K. Lüscher, A. Klimczuk, Generations, intergenerational relationships, generational policy: A multilingual compendium, 17 languages, Universität Konstanz, Konstanz 2017, 428pp. TS - BibTeX M4 - Citavi.
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  5. Aproximaciones teóricas a la danza.Carlos Eduardo Sanabria Bohórquez & Sheyla Lusseth Yurivilca Aguilar - 2019 - Bogota, Colombia: Fundación Integrando Fronteras & Idartes.
    Aproximaciones teóricas a la danza es producto de un trabajo investigativo conjunto que permite la circulación del conocimiento producido por distintos actores involucrados en el campo de la danza en Colombia. Para la Red de Investigación Cuerpo Danza Movimiento, esta publicación es un logro investigativo colectivo que ofrece una visión del conjunto de esfuerzos y perspectivas actuales sobre la danza en Colombia y en otras latitudes en donde este arte se ha ido convirtiendo en un objeto de estudio específico. En (...)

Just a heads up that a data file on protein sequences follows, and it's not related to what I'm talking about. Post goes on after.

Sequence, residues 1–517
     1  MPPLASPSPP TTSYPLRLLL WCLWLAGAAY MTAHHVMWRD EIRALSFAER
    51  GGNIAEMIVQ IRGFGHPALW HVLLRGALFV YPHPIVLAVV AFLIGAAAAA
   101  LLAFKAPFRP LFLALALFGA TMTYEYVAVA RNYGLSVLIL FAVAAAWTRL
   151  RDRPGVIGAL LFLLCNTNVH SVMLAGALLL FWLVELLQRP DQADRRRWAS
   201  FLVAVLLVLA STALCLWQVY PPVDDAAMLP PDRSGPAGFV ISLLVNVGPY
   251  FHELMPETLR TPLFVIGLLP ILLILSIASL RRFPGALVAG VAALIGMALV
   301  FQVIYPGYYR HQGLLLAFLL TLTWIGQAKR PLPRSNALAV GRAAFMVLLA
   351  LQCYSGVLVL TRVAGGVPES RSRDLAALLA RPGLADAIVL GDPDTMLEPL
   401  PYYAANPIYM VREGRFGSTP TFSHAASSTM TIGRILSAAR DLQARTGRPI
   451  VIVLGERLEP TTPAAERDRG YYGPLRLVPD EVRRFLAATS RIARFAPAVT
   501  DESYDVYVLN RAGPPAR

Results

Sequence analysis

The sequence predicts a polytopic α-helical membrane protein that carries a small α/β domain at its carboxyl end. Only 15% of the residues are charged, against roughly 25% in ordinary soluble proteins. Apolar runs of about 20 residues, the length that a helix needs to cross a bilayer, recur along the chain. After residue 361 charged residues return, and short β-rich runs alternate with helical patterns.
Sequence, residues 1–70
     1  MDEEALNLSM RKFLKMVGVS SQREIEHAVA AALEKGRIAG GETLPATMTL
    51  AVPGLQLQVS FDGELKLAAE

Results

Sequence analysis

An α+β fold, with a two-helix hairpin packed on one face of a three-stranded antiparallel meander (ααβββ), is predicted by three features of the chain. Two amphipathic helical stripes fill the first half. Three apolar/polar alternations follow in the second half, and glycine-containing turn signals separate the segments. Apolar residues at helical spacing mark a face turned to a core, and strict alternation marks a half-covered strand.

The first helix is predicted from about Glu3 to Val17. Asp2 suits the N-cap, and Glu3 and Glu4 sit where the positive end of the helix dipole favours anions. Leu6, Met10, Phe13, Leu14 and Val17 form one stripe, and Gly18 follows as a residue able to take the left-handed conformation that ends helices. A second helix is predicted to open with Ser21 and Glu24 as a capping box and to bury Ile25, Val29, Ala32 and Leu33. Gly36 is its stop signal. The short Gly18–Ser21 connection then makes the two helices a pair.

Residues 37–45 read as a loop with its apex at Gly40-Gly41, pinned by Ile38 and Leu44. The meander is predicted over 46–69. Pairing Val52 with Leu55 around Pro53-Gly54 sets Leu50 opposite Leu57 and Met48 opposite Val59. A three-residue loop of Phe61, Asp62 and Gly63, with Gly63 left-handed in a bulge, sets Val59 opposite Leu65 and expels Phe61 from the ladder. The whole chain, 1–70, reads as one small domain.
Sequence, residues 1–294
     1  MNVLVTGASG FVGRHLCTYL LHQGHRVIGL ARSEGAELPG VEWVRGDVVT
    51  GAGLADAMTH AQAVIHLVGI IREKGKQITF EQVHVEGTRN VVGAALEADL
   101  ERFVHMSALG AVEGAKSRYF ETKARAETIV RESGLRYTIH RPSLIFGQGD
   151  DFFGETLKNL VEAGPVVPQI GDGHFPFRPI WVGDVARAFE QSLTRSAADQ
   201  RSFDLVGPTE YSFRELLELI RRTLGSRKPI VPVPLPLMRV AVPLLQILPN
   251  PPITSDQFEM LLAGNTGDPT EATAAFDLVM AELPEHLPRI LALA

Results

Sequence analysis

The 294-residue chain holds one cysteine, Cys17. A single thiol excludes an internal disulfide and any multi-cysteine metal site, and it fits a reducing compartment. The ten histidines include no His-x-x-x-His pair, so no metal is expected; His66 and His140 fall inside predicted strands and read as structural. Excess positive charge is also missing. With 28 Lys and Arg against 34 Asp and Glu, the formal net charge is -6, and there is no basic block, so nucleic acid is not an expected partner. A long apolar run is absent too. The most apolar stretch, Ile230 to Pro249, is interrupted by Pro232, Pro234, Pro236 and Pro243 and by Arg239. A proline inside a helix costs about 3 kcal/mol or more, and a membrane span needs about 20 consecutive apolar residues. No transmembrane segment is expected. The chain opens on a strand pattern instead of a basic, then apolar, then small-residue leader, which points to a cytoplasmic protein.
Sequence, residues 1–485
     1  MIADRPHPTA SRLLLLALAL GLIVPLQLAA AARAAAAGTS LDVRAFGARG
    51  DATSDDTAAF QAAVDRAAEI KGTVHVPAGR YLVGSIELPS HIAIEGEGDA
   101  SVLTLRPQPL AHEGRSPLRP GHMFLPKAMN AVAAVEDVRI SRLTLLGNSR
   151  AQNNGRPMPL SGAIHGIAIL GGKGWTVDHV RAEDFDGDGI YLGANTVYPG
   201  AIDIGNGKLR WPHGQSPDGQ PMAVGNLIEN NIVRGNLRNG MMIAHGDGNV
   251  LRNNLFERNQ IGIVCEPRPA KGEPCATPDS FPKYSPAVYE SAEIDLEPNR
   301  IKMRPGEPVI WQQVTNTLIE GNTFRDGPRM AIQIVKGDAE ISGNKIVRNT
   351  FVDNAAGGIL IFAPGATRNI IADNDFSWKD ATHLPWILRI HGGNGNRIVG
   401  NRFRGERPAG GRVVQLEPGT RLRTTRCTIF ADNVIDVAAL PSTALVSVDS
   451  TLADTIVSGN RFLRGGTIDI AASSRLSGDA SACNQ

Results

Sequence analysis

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  6. Online Deliberation: Design, Research, and Practice.Todd Davies & Seeta Peña Gangadharan (eds.) - 2009 - CSLI Publications/University of Chicago Press.
    Can new technology enhance purpose-driven, democratic dialogue in groups, governments, and societies? Online Deliberation: Design, Research, and Practice is the first book that attempts to sample the full range of work on online deliberation, forging new connections between academic research, technology designers, and practitioners. Since some of the most exciting innovations have occurred outside of traditional institutions, and those involved have often worked in relative isolation from each other, work in this growing field has often failed to reflect the full (...)
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  7. Naturalismus: philosophische Beiträge.Geert Keil & Herbert Schnädelbach (eds.) - 2000 - Frankfurt am Main: Suhrkamp.